However if it’s always visible and more noticeable then it’s visibility is out of proportion to it’s frequency of use and importance. Having it appear when the user’s pointer is the description area, is likely to *capture the users attention since it’s the only element on the page being animated*. Like style changes on link hovers.

    Personally, I like option 3 coupled with one big “edit project” button somewhere just outside the project scope. Generally speaking, I like always visible [edit entire object] action and contextually visible [edit attribute] action.

    One app that might benefit from this kind of thinking is OS X Address Book. It has an always visible “edit entire contact” action, but the user is barred from double clicking a single attribute (a phone number or a title for example) to edit that… it feels like the UI is forcing me to do things it’s way.

    • http://arnorhs.com/ Arnor Heidar Sigurdsson

      That’s a good point and one that I didn’t mention at all.

      Regarding your second point, the OSX Address book, personally I never use it, so I haven’t noticed. I did open it up just to see what you meant, and I agree completely.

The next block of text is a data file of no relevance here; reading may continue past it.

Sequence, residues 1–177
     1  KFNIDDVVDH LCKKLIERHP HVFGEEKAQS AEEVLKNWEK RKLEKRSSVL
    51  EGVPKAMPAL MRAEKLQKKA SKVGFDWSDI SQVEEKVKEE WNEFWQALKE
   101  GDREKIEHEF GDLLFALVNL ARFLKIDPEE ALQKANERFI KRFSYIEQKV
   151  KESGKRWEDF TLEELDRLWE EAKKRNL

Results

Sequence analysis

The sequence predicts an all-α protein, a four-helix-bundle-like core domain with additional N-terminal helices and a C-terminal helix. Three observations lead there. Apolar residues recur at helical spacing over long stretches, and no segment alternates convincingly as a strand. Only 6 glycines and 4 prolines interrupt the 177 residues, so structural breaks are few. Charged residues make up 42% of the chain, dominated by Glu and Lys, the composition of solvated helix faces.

I’m actually a big opponent of context sensitive buttons in general. I think most normal users have a hard time understanding the relationship of “this thing having a different state, results in another button having different actions” — especially if the button doesn’t change (like the caption changing into “Edit Arnor Heidar”) and if it’s placed outside of the bounderies of the object being affected.

      I should probably blog about that.

    • http://twitter.com/arnthorsnaer Arnþór Snær

      >I’m actually a big opponent of context sensitive buttons in general.

      Can you give an example of a context sensitive button so I can better understand what you mean?